Design-based, unbiased stereology is the standard methodology for quantitative histology because it is particularly useful for the identification of subtle yet important alterations in the morphology of the nervous system during development or disease. MBF Bioscience has been in the business of stereology for more than ten years since the creation of Stereo Investigator, the most advanced and full-featured stereology package available. 

MBF Bioscience continues to take an active role in assisting researchers become proficient in this emerging methodology with the publication of the newly revised second edition of Stereology for Biological Research with a Focus on Neuroscience, a concise, accessible book written by MBF Bioscience experts. It introduces design-based, unbiased stereology to scientists interested in, but not familiar with, the application of this methodology in neuroscience and other biomedical research fields.

Covering topics such as the prerequisites for stereology research, methodology for design-based stereology, application of design-based stereology in biomedical research (such as stem cell, lung, kidney research, and Parkinson's and Alzheimer's diseases) as well as the future of stereology, this book is an excellent first resource for scientists.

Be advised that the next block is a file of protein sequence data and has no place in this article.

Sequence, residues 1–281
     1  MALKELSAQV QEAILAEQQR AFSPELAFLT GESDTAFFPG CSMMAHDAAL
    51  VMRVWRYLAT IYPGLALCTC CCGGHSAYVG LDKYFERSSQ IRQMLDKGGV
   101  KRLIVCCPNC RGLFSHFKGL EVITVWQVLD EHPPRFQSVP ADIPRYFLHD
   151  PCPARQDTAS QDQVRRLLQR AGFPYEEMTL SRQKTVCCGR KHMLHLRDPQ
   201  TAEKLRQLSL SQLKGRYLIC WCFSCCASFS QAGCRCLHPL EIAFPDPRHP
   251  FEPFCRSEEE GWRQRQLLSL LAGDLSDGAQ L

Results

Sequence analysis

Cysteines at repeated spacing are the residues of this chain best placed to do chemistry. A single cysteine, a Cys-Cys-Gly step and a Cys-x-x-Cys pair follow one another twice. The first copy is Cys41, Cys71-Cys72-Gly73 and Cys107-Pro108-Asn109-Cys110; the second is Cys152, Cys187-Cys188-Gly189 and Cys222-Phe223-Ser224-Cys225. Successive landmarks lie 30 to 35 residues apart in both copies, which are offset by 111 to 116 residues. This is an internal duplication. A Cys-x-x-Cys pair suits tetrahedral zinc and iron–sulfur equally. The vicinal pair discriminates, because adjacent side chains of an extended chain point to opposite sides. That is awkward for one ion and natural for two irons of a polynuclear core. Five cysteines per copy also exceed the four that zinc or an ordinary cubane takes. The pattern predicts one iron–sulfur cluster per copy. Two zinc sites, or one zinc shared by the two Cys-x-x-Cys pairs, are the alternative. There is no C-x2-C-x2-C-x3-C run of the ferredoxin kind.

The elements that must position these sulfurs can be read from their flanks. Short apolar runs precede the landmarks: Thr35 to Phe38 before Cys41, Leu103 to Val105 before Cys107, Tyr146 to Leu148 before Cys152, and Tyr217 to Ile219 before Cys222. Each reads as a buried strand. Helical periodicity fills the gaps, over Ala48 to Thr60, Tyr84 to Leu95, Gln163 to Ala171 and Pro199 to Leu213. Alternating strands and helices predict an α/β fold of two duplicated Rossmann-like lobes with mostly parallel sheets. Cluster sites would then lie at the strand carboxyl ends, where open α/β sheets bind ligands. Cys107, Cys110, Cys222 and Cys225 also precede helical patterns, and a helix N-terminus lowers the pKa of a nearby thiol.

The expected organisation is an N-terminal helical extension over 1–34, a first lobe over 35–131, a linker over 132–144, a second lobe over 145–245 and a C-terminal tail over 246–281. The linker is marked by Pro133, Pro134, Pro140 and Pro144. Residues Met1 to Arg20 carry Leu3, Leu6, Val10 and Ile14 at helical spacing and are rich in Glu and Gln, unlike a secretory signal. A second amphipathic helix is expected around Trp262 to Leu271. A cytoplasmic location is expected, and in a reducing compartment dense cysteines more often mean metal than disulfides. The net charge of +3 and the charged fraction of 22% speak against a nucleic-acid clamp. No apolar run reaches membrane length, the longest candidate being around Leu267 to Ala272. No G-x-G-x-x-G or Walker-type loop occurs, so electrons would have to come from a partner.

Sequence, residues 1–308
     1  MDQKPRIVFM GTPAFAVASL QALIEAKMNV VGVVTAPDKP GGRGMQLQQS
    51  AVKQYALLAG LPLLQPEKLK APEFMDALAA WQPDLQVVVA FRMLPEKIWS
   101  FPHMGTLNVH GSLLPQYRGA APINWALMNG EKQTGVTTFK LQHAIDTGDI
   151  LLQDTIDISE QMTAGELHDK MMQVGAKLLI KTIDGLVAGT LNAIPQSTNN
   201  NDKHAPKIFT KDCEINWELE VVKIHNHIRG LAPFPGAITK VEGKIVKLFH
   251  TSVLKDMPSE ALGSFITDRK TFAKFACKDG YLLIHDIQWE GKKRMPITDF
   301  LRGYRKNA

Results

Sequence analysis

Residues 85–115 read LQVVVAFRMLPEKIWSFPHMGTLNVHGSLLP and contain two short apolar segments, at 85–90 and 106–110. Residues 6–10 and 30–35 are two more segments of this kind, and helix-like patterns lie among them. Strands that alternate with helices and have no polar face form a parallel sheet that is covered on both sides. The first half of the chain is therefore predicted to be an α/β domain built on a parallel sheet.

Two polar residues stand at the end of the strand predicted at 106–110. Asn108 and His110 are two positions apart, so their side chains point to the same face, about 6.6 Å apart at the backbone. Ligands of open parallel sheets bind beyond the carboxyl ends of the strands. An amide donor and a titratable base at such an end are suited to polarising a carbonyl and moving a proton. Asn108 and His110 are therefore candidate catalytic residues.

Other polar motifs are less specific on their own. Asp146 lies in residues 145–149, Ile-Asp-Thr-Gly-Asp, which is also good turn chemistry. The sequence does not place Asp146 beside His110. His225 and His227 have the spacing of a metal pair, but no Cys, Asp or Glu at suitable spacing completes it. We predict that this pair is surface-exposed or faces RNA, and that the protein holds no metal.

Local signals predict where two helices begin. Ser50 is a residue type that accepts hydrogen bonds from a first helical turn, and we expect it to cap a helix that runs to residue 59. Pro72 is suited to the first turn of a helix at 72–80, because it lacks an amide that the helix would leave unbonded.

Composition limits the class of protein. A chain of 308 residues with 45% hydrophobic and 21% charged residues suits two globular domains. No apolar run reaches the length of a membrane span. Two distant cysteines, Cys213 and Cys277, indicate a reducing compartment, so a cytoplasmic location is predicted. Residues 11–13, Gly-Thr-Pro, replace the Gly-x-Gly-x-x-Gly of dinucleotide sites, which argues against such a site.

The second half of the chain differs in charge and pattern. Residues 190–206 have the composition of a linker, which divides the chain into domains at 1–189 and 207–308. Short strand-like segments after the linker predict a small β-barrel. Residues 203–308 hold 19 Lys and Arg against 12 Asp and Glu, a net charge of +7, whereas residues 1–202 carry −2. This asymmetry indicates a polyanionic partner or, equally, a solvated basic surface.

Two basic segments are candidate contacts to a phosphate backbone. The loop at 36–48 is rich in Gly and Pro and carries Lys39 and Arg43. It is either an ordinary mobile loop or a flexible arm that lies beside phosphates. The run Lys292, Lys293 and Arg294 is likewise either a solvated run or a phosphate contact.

Stereological techniques allow biologists to create quantitative, three-dimensional descriptions of biological structures from two-dimensional images of tissue viewed under the microscope. For example, they can accurately estimate the size of a particular organelle, the total length of a mass of capillaries, or the number of neurons or synapses in a particular region of the brain.

This book provides a practical guide to designing and critically evaluating stereological studies of the nervous system and other tissues. It explains the basic concepts behind design-based stereology and how to get started. Also included are detailed descriptions of how to prepare tissue appropriately, perform pilot studies and decide on the appropriate sampling strategy, and account for phenomena such as tissue shrinkage. Numerous examples of applications of stereological methods that are applicable to studies of the central system and a wide variety of other tissues are explained. The book is therefore essential reading for neurobiologists and cell biologists interested in generating accurate representations of cell and tissue architecture.